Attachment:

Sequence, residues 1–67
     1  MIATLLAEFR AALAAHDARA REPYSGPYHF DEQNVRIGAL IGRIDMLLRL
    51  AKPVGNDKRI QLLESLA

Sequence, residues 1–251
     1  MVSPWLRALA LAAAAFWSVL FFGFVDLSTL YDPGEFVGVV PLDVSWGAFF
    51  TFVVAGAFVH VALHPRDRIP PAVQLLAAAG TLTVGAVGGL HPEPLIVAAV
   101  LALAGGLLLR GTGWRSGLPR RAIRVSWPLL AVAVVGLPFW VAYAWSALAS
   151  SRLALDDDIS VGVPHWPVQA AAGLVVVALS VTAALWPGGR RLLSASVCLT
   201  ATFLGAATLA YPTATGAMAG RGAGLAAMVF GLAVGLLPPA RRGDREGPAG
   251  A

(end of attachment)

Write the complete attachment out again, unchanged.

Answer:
Sequence, residues 1–67
     1  MIATLLAEFR AALAAHDARA REPYSGPYHF DEQNVRIGAL IGRIDMLLRL
    51  AKPVGNDKRI QLLESLA

Sequence, residues 1–251
     1  MVSPWLRALA LAAAAFWSVL FFGFVDLSTL YDPGEFVGVV PLDVSWGAFF
    51  TFVVAGAFVH VALHPRDRIP PAVQLLAAAG TLTVGAVGGL HPEPLIVAAV
   101  LALAGGLLLR GTGWRSGLPR RAIRVSWPLL AVAVVGLPFW VAYAWSALAS
   151  SRLALDDDIS VGVPHWPVQA AAGLVVVALS VTAALWPGGR RLLSASVCLT
   201  ATFLGAATLA YPTATGAMAG RGAGLAAMVF GLAVGLLPPA RRGDREGPAG
   251  A